F1's biofuel properties will open new power battle

Formula 1's switch to biofuels with its new generation of cars looks set to trigger a surprise development battleground thanks to a change it brings in engine cooling characteristics.

F1's biofuel properties will open new power battle

As part of F1's push for sustainability, new rules – which were originally coming in 2021 but have now been delayed – will require teams to run their engines with a 10% blend of advanced sustainable ethanol.

Work has already begun among F1's fuel suppliers to optimise the potential of the biofuel, and Ferrari's technical partner Shell has revealed a fascinating characteristic of the new product.

It believes that a cooling characteristic of ethanol could open up some interesting development directions for F1 that could prove decisive in the battle for glory.

Shell's F1 development manager Benoit Poulet told Motorsport.com: "The interesting aspect of the car performance is similar to when you put a [ethanol based] cooling gel on your fingers – you can feel the cooling effect that you get. It will be the same for the engine.

"It will be able to cool some parts of the power unit and that could be quite beneficial. We are working hard on it.

"The properties are certainly quite interesting for combustion, and I think we can do some interesting things. We have definitely found at the moment that this cooling effect is good for the engine."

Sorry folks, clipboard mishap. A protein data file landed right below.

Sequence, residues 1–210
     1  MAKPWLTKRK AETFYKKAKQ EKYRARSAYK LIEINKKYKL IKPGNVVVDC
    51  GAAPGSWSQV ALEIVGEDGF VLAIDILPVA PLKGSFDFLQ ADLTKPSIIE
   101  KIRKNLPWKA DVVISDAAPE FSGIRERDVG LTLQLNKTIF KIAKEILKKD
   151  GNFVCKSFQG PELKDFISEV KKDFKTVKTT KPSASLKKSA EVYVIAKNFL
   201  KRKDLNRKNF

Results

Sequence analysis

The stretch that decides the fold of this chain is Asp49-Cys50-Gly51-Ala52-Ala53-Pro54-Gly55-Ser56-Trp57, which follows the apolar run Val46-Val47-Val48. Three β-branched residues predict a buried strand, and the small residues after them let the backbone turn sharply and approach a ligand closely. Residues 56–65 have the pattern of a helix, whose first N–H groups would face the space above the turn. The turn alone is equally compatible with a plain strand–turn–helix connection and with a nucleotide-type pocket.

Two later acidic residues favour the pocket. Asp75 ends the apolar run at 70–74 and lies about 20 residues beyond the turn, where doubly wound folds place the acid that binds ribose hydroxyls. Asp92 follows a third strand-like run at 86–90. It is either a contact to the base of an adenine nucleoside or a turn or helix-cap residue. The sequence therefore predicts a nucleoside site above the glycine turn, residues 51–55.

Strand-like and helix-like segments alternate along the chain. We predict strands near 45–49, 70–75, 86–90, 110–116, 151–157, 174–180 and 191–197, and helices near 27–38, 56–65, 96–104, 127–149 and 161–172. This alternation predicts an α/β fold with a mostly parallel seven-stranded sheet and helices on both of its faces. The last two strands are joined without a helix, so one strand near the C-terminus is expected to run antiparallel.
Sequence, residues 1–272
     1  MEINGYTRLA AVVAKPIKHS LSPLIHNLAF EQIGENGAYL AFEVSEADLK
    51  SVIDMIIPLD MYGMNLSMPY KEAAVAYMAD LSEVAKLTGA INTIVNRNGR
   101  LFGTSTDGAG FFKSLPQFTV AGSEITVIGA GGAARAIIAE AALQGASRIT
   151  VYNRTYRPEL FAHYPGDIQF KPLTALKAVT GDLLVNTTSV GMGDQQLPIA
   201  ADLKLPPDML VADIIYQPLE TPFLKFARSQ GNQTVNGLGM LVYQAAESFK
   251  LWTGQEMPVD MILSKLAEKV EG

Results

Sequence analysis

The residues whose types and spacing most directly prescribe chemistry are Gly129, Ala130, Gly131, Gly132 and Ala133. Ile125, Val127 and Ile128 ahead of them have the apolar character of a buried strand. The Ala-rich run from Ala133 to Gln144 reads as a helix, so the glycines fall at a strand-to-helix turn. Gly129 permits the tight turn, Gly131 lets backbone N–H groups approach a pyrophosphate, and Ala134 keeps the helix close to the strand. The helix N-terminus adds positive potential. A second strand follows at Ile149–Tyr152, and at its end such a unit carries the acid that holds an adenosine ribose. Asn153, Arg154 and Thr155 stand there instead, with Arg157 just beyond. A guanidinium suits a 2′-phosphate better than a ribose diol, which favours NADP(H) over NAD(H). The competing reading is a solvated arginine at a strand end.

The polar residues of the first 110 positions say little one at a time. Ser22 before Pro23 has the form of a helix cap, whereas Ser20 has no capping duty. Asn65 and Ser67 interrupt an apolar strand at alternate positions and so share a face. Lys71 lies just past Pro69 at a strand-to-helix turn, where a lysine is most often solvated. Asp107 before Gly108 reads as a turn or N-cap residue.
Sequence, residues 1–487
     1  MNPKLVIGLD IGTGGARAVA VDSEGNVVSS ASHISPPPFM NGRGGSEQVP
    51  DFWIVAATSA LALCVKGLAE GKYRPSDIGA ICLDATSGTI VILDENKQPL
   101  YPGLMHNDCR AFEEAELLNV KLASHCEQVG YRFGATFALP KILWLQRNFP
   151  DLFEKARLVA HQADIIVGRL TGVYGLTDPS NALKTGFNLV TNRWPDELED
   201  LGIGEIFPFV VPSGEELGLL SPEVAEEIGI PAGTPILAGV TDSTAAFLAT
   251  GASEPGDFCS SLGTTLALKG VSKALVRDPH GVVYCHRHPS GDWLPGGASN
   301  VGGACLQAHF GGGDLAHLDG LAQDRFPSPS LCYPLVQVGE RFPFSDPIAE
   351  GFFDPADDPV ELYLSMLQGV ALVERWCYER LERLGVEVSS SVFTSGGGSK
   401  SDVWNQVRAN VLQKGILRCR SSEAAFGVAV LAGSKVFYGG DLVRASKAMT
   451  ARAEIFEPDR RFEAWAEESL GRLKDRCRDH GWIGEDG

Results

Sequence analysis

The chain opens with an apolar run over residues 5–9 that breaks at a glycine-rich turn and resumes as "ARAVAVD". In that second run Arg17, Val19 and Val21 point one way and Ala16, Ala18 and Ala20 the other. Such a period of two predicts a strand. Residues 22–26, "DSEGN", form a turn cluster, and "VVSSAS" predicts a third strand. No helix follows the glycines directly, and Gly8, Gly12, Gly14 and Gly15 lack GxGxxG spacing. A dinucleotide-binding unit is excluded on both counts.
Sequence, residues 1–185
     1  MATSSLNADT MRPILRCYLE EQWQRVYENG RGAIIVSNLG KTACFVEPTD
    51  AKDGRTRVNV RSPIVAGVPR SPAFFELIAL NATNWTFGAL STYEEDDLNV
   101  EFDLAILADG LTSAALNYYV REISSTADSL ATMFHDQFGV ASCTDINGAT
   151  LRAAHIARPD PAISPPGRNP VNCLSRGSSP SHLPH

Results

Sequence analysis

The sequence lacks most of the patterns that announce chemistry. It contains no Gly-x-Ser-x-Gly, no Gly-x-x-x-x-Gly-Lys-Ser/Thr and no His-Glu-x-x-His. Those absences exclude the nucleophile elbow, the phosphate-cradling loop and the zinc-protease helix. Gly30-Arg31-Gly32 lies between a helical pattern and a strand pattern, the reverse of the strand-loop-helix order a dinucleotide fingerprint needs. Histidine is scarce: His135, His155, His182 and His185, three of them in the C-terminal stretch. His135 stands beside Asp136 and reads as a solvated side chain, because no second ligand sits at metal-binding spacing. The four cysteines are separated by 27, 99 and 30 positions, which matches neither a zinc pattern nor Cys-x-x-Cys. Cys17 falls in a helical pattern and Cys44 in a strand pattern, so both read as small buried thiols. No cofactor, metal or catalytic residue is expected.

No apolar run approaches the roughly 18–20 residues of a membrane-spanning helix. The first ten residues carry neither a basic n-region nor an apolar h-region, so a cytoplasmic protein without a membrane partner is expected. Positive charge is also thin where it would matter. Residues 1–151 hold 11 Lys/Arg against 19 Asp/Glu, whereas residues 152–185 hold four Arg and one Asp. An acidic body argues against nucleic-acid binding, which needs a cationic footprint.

Ethanol delivers the cooling benefit because it has nearly three times the heat of vaporisation as regular fuel – which means there is a cooling effect for the incoming charge during the combustion cycle. A cooler intake charge means that engine power will increase.

Engine manufacturers could chase this straight horsepower gain, or could opt to change the overall design and cooling characteristics to run the engine at a different temperature. This could then have a knock-on effect for the car's aerodynamics.

Benoit said that Shell has been working on the new biofuel ever since the regulations came out last year.

"It's a big challenge but we are really happy to switch to E10 fuel – and to be honest we would be happy to have even more than 10%," he said.

"We have people working on the project, and people who are familiar with E10. And it's a big change because ethanol comes with some different properties to the other hydrocarbons.

"Because of that, we really decided to start early. It's a bit like the chassis people; we started as soon as the regulation was published. On project management, I allocated one person full time on that question and now we have got a good understanding in terms of the benefit of E10."

The use of more biofuel in F1 was originally set for 2021, but a recent move to delay the new regulations because of the impact of the coronavirus pandemic means the requirement could be moved back until 2022.

shares
comments
Canadian GP boss "optimistic but realistic" about race

Previous article

Canadian GP boss "optimistic but realistic" about race

Next article

Gallery: All of Ayrton Senna's F1 race wins

Gallery: All of Ayrton Senna's F1 race wins
Load comments
Why McLaren's expanding agenda will benefit its F1 resurgence Prime